With the increasing cost of running a restaurant, it’s no surprise that restaurant owners add additional charges whenever they incur costs that are outside of their normal and expected operating activities, in this case, the additional labor and equipment costs for serving and storing cakes that customers bring in.

But make sure to call a restaurant first and ask permission to bring your own cake as a way of showing simple courtesy and respect.

Check out the infographic we created below – please share with anyone you feel may find this helpful!

Should Restaurants Charge Cakeage Fee Infographic

Frequently Asked Questions

Should restaurants charge cakeage?

Whenever customers bring their own cake to a restaurant and ask to use the restaurant’s own resources (time and utilities), the restaurant is often put in a difficult position, having to choose between making customers happy above everything else or making sure that they still make enough profit to pay their bills.

Want to find the best business coach?

Are you a business owner who is struggling to grow and looking for expert advice? We can help find the best business coaches matched to your specific needs. Click below and fill out the form and we will be in touch!

Most restaurant owners have come up with a compromise: cakeage fees that are charged at a reasonable rate. It’s not a matter of whether they should be charging cakeage, because, at the end of the day, it’s still up to the owner’s discretion.

What is a cakeage fee?

A cakeage fee is what restaurants typically ask from customers who bring in their own cake to the establishment. It’s a fee they charge in exchange for the additional costs of labor and other expenses incurred as a result of customers asking to use their resources.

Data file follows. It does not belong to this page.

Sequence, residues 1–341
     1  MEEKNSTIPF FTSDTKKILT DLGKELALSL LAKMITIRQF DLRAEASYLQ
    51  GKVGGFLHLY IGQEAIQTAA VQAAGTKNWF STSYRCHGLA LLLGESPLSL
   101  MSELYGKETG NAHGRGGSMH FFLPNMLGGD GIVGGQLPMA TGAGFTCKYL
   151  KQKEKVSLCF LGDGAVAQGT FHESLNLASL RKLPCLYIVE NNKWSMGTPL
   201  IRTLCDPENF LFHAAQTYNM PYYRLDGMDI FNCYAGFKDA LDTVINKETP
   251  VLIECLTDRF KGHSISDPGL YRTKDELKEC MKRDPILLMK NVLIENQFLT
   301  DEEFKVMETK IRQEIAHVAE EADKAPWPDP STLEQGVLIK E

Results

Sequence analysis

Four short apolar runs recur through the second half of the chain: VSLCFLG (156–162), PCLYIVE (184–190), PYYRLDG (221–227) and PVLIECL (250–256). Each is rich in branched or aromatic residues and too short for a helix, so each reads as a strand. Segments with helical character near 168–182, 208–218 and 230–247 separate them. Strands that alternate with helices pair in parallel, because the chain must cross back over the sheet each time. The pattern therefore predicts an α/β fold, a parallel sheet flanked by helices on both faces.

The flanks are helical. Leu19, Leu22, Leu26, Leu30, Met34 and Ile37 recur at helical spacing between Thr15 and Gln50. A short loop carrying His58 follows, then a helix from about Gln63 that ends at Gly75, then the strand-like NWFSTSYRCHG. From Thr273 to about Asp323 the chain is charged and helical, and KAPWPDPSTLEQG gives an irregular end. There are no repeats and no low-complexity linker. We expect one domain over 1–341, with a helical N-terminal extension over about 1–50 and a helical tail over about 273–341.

Is it rude to bring cake to a restaurant?

It can depend on the restaurant. There are restaurants that allow customers to bring in outside cake, while there are others that don’t. There are several reasons why some restaurants turn down any customers bringing in outside cake including:

• Liability – some areas have certain health regulations in place that make restaurants implement the ‘no outside food’ policy. When you bring in outside food and the restaurant serves it for you, the restaurant becomes partially responsible for any repercussions.

• Service issues – there’s a time and cost factor involved with the additional effort the restaurant would have to exert to store, serve and cut the cake for the customers, as well as the additional labor of clearing up and washing the dishes. Not to mention, restaurant personnel are more prepared to serve food from their own menu than outside it.

• House desserts – restaurants often have their own hired pastry chef because they prefer to sell and serve their own desserts. Some of them even create special birthday cakes for customers so they end up turning down customers who want to bring outside desserts to their establishment.

You shouldn’t automatically assume that any food service would allow you to bring in outside food. The best way to avoid any awkward or tense conversations is by calling the restaurant ahead and asking them for permission.

What is the common opinion of people regarding bringing their own bottle of wine to a restaurant to accompany their meal and paying a corkage fee?

– Generally, people are positive about bringing their own bottle of wine to a restaurant to have with dinner and paying a reasonable corkage fee.

– It allows people to bring their own favorite bottle of wine without having to buy it from the restaurant’s wine list which can be more expensive.

– It can also provide a more intimate dining experience as people can choose their own special bottle to share with their dinner companions.

– Corkage fees can also be a source of additional revenue for restaurants.

Facebook
Twitter
LinkedIn
WhatsApp
Email
The business coach matchmaking book.

Steal Our Blueprint For Finding Your Ideal Business Coach

The Business Coach Matchmaker – The Ultimate Guide to Choosing The Perfect Business Coach

Enter your details below now and we will send you our insider insights that the business coaches don’t want you to learn